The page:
The article lays out the conceptual bases that Manuel Pedrolo developed –in the form of philosophical literature – in a section of his narrative. I describe the directionality of the author’s intellectual program with regard to the ‘double liberation' in detail. The interest of the work lies in exposing the inherent limitations of ‘literature for literature’ – with disregard of human nature – that can also be applied to any international literature, not only written in the fifties and sixties, but in the (ideologically) present time.
Carles Riba (1893–1959) wrote several articles in which he showed his commitment to literature and reflected on the role of literature in society, as “Socrates in front of the judges” (1926), “Politicians and Intellectuals” (1927), “Literature and Rescuing Groups” (1938) and the presentations of the Revista de Catalunya (1939 and 1955). Many of these texts were written in turbulent political contexts: the dictatorship of Primo de Rivera (1923–1929), the Spanish Civil War (1936–1939) and the post-war period under Franco (1939–1959). The aim of this paper is to study these articles and analyse Riba’s view of writers and intellectuals.
One of the consequences of the 1939 exile was the widespread emergence, or re-emergence, of cultural community centres, periodicals and magazines, brief treatises and books that gave priority to local events over outside influences. Xavier Benguerel, Domènec Guansé, C. A. Jordana, Joan Oliver and Francesc Trabal, who formed the Chile group, held translation as their weapon of choice in the political and cultural struggle. Here, we look at the most remarkable achievements, collective strategies and ways of thinking about language and translation.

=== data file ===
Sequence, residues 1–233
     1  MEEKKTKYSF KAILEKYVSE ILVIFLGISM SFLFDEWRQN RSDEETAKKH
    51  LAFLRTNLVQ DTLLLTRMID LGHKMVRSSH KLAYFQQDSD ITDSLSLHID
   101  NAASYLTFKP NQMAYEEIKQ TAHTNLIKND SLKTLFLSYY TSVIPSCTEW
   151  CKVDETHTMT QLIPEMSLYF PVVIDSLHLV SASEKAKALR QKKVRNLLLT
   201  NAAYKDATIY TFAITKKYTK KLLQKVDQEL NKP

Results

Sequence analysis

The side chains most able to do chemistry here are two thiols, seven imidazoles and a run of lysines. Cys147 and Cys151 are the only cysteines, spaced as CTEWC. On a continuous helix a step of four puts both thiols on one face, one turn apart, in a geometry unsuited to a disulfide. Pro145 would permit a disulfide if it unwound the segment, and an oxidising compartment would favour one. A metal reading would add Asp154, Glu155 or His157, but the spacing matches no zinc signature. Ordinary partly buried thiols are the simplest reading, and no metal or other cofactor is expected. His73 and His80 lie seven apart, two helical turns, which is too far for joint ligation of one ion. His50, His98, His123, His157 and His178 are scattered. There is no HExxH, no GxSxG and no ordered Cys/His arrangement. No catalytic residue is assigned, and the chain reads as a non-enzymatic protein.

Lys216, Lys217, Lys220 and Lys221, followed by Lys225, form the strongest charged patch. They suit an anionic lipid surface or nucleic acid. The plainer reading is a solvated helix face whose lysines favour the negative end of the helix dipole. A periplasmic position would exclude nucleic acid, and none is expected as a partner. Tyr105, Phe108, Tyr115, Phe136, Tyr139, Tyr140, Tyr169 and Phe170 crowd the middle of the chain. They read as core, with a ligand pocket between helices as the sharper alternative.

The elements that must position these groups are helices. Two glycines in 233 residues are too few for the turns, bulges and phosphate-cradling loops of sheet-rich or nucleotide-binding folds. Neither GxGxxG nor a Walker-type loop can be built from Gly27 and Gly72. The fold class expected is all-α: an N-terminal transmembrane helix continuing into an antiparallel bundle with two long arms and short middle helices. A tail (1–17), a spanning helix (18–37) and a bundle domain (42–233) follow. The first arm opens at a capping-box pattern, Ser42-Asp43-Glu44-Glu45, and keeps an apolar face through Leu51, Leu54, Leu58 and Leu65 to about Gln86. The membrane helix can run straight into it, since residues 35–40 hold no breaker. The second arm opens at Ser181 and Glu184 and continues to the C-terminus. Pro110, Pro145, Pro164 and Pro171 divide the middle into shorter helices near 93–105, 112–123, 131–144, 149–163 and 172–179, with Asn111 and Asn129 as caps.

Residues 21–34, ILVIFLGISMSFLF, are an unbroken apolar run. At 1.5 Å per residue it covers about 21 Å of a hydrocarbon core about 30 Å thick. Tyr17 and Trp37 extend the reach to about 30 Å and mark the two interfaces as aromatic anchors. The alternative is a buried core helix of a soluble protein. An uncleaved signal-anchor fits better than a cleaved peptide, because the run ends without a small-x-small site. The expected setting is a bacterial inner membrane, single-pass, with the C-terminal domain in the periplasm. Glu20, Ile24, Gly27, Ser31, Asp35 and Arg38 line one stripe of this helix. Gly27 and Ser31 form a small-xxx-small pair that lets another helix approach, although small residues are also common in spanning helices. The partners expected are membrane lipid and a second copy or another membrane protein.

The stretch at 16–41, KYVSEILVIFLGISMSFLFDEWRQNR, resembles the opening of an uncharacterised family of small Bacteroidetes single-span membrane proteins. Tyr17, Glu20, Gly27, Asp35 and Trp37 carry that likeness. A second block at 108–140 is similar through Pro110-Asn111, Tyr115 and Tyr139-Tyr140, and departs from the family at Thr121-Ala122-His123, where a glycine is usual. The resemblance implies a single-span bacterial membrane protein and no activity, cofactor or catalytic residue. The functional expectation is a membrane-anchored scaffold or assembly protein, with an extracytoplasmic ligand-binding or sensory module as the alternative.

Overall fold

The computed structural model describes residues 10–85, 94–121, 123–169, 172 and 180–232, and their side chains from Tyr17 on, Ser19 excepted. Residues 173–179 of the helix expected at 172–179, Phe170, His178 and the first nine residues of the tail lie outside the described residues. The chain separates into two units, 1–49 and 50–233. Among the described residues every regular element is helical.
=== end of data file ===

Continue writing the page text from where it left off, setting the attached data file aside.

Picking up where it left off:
This article provides an outline of the network of universities where Catalan is taught outside the Catalan-speaking territories. This network is coordinated and managed by the Institut Ramon Llull, the public body created by the governments of Catalonia and the Balearic Islands and the city of Barcelona with the mission to promote the Catalan language and culture abroad. It consists of 145 universities in 28 countries, of which 87 universities receive funding from the IRL. The article describes the main characteristics and activities of this network, defines the value it creates for the various stakeholders that participate in it, and outlines its main objectives and projects for the immediate future.